“Whenever an attempt is made to emancipate labor from the servitude which an unequal system of taxation imposes upon it, whenever it is proposed to secure as far as possible to each individual citizen the full fruits of his own earnings, subject only to the actual necessities of the government, and whenever a measure is presented for the removal of unnecessary restrictions from domestic industries and international commerce, so as to permit freer production and freer exchanges, the alarm is sounded and all the cohorts of monopoly are assembled to hear their heralds proclaim the immediate and irretrievable ruin of the country.

“Mr. Chairman, it has been stubbornly contended all through this debate that high rates of duty upon imported goods are beneficial to the great body of consumers, because such duties, instead of increasing the price of the domestic articles of the same kind, actually reduce the prices. If this be true, all the other arguments in support of the existing system are not only superfluous, but manifestly unsound. The proposition that a high tariff enables the producer to pay higher wages for his labor, and the proposition that it also reduces the prices of the articles he has to sell, which are the products of that labor, are utterly inconsistent with each other, and no ingenuity of the casuist can possibly reconcile them. Labor is paid out of its own product, and unless that product can be sold for a price which will enable the employer to realize a reasonable profit and pay the established rates of wages, the business must cease or the rates of wages must be reduced. When the price of the finished product is reduced by reason of the increased efficiency of labor, or by reason of the reduced cost of the raw material, the employer may continue to pay the same or even a higher rate of wages and still make his usual profits. But the tariff neither increases the efficiency of labor nor reduces the cost of the raw material.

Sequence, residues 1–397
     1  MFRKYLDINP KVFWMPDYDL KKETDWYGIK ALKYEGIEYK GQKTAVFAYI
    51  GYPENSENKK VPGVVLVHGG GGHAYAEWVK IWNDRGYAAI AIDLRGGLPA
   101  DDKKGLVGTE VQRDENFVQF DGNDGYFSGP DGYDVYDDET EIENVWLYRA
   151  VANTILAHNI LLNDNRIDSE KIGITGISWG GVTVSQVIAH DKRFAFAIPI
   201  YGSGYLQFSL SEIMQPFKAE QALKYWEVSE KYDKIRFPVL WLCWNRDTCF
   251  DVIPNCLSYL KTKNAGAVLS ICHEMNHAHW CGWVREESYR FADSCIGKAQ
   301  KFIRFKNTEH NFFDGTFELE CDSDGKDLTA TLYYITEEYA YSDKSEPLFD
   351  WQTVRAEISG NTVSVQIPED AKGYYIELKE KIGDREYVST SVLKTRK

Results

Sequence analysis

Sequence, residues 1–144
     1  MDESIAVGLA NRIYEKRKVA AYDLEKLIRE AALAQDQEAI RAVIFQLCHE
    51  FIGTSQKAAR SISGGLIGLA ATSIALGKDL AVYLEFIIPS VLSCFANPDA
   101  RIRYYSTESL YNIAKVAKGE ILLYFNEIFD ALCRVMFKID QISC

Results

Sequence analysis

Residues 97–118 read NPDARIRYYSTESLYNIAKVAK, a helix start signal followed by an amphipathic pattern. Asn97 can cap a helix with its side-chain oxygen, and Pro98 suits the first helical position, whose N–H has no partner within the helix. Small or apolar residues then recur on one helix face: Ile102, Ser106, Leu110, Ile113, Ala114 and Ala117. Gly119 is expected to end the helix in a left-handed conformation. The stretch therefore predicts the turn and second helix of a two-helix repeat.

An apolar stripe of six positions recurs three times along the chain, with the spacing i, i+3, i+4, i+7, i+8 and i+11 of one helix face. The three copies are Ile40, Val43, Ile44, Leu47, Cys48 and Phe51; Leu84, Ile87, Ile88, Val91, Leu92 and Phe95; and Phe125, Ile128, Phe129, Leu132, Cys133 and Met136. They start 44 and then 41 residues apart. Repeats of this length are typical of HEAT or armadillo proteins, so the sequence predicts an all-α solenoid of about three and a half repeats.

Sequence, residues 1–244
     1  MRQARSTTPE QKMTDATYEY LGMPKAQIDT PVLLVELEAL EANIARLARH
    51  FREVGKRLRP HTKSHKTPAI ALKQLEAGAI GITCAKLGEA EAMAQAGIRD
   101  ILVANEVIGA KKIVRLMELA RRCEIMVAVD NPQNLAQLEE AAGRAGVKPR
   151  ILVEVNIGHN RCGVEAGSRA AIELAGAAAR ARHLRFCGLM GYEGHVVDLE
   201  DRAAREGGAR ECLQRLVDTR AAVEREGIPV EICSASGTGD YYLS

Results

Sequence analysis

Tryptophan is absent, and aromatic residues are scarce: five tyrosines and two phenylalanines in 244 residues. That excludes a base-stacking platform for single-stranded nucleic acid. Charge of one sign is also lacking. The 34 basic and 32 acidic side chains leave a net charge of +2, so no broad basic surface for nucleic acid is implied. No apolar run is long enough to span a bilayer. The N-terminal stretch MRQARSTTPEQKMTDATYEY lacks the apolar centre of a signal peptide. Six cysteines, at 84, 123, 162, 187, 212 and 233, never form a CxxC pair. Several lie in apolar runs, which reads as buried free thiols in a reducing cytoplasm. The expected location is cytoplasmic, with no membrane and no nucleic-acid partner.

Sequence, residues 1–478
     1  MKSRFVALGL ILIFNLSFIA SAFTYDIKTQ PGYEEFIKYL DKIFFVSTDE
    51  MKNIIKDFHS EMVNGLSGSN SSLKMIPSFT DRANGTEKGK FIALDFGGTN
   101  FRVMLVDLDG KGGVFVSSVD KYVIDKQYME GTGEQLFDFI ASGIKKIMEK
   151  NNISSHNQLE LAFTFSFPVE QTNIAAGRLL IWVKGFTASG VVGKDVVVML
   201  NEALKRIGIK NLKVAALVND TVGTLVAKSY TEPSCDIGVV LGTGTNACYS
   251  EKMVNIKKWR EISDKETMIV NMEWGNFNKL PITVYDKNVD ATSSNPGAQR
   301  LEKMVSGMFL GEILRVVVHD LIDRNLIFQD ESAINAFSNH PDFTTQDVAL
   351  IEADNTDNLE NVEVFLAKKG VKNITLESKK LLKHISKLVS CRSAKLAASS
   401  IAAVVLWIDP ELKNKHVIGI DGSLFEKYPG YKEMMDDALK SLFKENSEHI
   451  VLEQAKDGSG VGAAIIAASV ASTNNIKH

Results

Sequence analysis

“I do not deny that prices have greatly fallen during the last fifty years, not only in this country, but all over the civilized world—in free-trade countries as well as in protectionist countries. Nor do I deny that during the same time the general tendency has been toward an increase in the rates of wages; and this is true also of all civilized countries, free-trade and protection alike. It is not possible for me now to enumerate, much less discuss, all the causes that have contributed to these results. One of the most efficient causes, in fact the most efficient cause, is the combination of skilled labor with machinery in the production of commodities. The introduction and use of improved machinery has wrought a complete revolution in nearly all our manufacturing industries, and in many cases has enabled one man to do the work which it required one hundred men to do before. Here is a statement furnished by the United States Commissioner of Labor to the chairman of the Committee on Ways and Means, showing the value of the product of a week's labor in spinning cotton yarn by hand and the value of the product of a week's labor combined with machinery in the same industry: In 1813, one man working sixty hours by hand could turn out three pounds of cotton yarn, worth $2.25, or seventy-five cents per pound; now the same man, if he were living, could turn out in sixty hours with the use of machinery 3,000 pounds of cotton yarn of the same character, worth $450, or fifteen cents per pound. The cotton-spinner now receives as wages for his week's work more than three times as much as the total value of the product of a week's work, including the value of the material, in 1813; and yet labor is far cheaper to the employer now than it was then. Although the employer now receives only one-fifth as much per pound for his cotton yarn as he did in 1813, he realizes from the sale of the products of a week's labor just two hundred times as much as he did then.